|Sir George Stoddart Whitmore|
|Born||30 May 1829|
|Died||16 March 1903(aged 73)|
|Place of birth||Malta|
|Place of death||Napier, New Zealand|
|Years of service||1847–1862|
Sir George Stoddart Whitmore KCMG (30 May 1829 – 16 March 1903) was a notable New Zealand soldier, military leader, runholder and politician.
Whitmore was born on 30 May 1829 to a lieutenant in the British Army, stationed in Malta with the Royal Engineers, and his wife. His maternal grandfather was Sir John Stoddart, the Chief Justice of Malta while his paternal grandfather was General Sir George Whitmore. He also had several uncles serving in the British Army. He was educated at Edinburgh Academy and then went on to the Staff College.
Whitmore entered the British Army in 1847 as an ensign in the Cape Mounted Rifles, a unit serving in South Africa. He fought in the Xhosa Wars the same year and then the Boer insurrection of 1848. He was promoted to lieutenant in May 1850, and was involved in a further conflict with the Xhosa from 1851 to 1853. For a time he was commander of the escort for the Governor of Cape Colony, Sir Harry Smith. He was present at the Battle of Berea, serving as Sir George Cathcart's brigade major. His service in South Africa ended in 1854 and he returned to England. He was accompanied by his wife, Eliza McGlocking, who he had met in 1851. The couple would go on to have three children.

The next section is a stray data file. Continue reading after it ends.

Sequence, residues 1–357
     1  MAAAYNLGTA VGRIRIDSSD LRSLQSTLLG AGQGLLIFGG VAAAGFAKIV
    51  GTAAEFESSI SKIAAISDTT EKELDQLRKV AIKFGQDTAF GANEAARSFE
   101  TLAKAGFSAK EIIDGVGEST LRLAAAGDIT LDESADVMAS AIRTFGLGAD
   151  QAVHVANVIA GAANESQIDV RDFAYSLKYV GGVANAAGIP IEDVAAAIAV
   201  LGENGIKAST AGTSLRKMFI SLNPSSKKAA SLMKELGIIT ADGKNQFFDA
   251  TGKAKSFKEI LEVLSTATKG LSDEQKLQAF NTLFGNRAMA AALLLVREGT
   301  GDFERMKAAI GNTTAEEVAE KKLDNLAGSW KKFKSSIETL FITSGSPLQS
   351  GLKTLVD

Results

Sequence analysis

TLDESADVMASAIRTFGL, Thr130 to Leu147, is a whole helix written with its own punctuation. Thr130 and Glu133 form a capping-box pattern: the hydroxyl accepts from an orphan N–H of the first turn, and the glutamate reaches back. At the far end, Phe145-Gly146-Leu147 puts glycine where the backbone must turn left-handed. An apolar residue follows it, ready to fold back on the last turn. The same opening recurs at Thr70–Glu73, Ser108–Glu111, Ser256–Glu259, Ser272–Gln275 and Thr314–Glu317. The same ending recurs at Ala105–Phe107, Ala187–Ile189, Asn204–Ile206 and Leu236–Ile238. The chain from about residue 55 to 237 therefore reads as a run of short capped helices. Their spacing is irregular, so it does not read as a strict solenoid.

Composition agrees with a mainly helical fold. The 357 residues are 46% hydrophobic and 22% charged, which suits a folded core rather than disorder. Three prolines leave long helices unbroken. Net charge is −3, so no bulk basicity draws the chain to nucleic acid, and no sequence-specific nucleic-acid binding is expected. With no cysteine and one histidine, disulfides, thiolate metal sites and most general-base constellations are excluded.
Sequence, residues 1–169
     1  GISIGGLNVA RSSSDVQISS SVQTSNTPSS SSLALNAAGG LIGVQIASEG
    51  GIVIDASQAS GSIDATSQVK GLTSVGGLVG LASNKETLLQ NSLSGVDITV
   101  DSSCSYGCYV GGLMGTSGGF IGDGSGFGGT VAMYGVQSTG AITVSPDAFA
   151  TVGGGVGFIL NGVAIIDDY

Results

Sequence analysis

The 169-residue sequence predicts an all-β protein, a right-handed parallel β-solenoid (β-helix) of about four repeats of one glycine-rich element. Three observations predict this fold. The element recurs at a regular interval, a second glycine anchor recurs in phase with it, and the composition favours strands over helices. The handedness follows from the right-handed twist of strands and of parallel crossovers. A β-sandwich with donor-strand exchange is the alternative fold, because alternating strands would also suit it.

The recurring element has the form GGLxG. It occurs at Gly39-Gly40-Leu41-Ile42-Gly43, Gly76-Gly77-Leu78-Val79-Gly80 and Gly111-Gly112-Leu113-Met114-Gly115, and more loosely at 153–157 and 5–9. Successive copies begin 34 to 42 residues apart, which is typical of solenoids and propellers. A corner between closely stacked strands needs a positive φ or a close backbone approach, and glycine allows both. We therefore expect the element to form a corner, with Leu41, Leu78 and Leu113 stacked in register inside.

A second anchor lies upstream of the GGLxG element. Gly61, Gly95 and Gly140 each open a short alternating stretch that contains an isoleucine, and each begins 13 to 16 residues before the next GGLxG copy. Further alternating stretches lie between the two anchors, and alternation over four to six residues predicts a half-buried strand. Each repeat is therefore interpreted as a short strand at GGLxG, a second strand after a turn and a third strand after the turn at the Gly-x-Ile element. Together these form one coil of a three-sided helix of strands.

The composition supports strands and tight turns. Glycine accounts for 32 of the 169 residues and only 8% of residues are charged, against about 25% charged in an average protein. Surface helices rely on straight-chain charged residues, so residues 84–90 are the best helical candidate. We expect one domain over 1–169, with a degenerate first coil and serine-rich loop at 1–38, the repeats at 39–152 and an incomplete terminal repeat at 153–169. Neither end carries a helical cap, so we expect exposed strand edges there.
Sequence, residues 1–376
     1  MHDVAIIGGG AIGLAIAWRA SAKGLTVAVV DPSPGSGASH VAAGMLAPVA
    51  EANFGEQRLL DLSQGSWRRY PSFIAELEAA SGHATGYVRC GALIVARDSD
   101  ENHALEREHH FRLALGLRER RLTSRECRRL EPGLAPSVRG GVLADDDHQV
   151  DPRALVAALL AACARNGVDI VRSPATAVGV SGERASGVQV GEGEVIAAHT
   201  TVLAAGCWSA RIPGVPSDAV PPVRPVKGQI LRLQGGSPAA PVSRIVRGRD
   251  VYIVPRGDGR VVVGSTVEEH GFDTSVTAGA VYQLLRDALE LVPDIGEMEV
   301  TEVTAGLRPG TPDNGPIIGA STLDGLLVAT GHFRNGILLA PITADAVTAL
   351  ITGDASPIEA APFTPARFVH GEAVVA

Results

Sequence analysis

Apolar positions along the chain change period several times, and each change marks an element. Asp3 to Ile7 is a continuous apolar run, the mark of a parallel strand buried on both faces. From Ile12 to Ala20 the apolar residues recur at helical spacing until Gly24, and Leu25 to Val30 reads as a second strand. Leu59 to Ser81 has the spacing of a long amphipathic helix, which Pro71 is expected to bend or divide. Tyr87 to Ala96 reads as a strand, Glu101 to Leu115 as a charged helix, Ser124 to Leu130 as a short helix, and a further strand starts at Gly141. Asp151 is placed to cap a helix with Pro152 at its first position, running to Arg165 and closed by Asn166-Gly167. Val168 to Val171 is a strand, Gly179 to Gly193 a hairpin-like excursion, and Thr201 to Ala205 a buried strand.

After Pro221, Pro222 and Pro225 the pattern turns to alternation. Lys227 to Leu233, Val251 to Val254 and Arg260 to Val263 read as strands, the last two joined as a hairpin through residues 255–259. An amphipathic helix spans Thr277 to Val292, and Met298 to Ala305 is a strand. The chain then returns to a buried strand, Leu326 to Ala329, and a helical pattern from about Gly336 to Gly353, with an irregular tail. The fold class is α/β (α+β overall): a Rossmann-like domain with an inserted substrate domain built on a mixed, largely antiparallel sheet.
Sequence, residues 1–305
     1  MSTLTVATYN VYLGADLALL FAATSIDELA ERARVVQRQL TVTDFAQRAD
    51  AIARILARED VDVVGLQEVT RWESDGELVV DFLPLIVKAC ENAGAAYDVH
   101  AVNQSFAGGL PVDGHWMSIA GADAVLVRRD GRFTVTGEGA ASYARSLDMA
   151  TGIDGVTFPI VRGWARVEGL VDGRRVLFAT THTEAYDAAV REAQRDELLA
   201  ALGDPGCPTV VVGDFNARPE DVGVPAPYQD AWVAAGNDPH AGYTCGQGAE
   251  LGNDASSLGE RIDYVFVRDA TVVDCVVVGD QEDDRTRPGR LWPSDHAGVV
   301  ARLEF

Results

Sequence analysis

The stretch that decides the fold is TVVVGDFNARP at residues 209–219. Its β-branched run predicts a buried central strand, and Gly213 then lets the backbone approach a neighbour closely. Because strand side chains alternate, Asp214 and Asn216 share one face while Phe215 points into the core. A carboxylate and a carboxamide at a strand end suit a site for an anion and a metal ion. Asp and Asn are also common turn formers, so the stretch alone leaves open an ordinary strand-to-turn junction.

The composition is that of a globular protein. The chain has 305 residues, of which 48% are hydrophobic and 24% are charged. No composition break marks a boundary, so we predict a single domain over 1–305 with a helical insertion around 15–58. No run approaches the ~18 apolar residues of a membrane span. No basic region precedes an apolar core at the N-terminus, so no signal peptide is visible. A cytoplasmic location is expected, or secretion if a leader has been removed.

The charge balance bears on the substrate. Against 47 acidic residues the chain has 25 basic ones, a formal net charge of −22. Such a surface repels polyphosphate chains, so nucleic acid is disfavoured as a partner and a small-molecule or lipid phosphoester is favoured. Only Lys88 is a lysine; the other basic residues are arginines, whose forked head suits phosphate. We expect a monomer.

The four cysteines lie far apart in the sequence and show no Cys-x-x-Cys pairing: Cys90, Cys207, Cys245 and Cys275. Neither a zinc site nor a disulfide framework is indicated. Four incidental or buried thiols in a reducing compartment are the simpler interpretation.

Promoted to captain in July 1854, Whitmore was posted to the 62nd Regiment of Foot. He went with the regiment to the Crimea where it was serving in the Crimean War. It fought in the Siege of Sevastopol, during which half the officers in his regiment were killed. He later commanded a unit of cavalry, made up of Turkish volunteers. He then performed logistical operations in Austria–Hungary, Romania, and Russia. Well regarded for his service in the war, he was rewarded with the fourth class of Order of the Medjidie, a Turkish decoration.